The Invention of the Telephone:
The Silver Lining in Communications
Thesis: The steps and process to how the invention of the telephone was made and came about. 1. The usage of the Telegraph.
a) The telegraph was the form of communication in the 1800s. b) There was a growing demand for more and more messages be sent at once by the device. c) Alexander created the Harmonic Telegraph which led to the invention of the telephone.
2. The process of making The Telephone
A. Bell shaped a piece of steel like a clarinet reed and tune it to transmit sound. B. Bell discovered the need for high resistance coils, instead of low resistance coils, to be next to the transmitter's electromagnet
3. The arrival of Telephone
A. It’s social impact
B. The success of The telephone
The Invention of the Telephone:
The Silver Lining of Communications
The invention of the telephone has made our lives much easier. Before the telephone was invented people use to communicate by fire or a light from a torch. Native Americans actually developed a more complex system of signaling with fire by controlling the release of the smoke, but such smoke signals also had their limitations. Another way to send a message between places that weren't too far apart was to use sounds better than the human voice. African tribes used drums to communicate. The way they used to get messages across from place to place was by foot, but once they learned how to use horses the messengers could get the message much faster. In the nineteenth-century the message delivery system was called Pony Express. It took about ten days for the message to get to the destination. Within no time the telegraph was introduced in the 1800's. The first message was send on May 24, to the Supreme Court. The inventor of the telephone was Alexander Graham Bell. He was born in Edinburgh, Scotland, on March 3, 1847. His father and grandfather were both elocutionists It was the year 1872, people were still using the telegraph, and there was still a decade until there was electricity. The telegraph was a much faster means of communication than anything that have been known before, but it had drawbacks. If you wanted to send a telegraph you had to go to the telegraph office. The message in itself in the dots and dashes of the Morse Code arrived quickly but at the receiving end it had either to be delivered to or collected by a recipient(Pollard 11). There was a growing demand for more and more messages be sent at once by the device. One man wanted to make a harmonic telegraph, to help the deaf. Alexander Graham Bell had no idea what he was doing when he tried to make a harmonic telegraph. It was an idea that would bloom into making a telephone, which would connect two people from different towns and let them communicate through the powers electricity. Many thought that Bell was crazy, but he fulfilled his idea and made the wonderful device we call the telephone. He began with the idea of the harmonic telegraph, to to help the deaf understand speech. He gradually moved on to figuring out how to make the sound to travel through the wire to a person on the other end, resulting in the first sound transmission by telephone, When he later was having a two-way conversation with the device. He and his assistant, a young electrician named Mr. Thomas Watson, began giving public demonstrations. In the fall of 1877, many people had Bell's invention in their communities. The harmonic telegraph was an important idea, since it led to the telephone. Bell started thinking around the 1870s about a device to help the deaf (Bailey). Instead he came up a device that would allow someone to speak into one end, and it would turn into a code again on the other end. He ended up using two identical Clarinet reed-shaped piece of steel, and had to tune it so that the sound could travel and be exactly the same (Webb 23). Bell, and several others who were trying the same thing, thought that if a...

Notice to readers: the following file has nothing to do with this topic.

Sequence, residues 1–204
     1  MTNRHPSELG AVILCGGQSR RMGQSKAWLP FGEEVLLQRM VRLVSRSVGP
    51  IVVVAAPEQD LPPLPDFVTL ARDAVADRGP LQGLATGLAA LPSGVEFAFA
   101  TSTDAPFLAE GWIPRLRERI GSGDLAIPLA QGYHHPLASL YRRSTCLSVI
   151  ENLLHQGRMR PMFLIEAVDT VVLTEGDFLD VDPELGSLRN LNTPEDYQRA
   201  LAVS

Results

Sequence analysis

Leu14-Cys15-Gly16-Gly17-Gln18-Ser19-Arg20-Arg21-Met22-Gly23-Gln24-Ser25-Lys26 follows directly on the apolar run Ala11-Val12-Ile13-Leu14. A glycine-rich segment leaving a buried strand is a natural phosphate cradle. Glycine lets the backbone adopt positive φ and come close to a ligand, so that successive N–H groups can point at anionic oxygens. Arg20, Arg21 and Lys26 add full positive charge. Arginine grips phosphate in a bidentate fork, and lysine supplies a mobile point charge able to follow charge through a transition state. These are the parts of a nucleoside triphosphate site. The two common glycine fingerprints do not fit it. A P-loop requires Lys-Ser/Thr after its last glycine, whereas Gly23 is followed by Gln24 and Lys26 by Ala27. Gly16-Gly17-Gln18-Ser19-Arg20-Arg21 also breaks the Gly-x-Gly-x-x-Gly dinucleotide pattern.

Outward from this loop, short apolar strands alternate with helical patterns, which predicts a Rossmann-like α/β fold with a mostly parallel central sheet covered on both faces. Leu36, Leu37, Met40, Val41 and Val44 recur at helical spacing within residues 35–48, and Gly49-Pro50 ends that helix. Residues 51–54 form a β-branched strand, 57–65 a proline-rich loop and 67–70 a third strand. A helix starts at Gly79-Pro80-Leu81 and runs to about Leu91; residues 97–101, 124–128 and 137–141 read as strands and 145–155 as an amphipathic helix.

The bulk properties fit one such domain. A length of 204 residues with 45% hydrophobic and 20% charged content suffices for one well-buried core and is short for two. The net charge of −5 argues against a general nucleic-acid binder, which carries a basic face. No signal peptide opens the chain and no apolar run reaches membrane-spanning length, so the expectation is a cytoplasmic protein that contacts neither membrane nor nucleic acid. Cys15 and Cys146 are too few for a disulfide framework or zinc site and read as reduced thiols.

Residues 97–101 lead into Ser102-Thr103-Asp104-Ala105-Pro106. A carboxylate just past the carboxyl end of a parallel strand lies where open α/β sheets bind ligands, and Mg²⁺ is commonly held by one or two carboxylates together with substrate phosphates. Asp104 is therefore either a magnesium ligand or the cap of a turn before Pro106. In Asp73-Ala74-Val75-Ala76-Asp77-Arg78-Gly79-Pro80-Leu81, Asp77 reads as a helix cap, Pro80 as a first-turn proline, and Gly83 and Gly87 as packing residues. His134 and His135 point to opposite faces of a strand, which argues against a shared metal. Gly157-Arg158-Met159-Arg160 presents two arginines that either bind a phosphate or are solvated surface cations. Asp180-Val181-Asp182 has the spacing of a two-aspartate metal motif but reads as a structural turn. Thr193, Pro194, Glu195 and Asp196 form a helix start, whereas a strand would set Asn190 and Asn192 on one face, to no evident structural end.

Cited: Bailey, Ellen. "Alexander Graham Bell: From Telegraph to Telephone." 1 Jan.
Bellis, Mary. “The history of the telephone”. 1992
Gray, C. Reluctant Genius Alexander Graham Bell and the Passion for Invention. New York, NY: Arcade Publishing, Inc.
Mcleod, Elizabeth. “Alexander Graham Bell”.2000
Pollard, Michael “The Fear of The Telephone”. 1997
Webb, M. (1992). Telephones-Words Over Wires. Sandiego, CA: Lucent Books.
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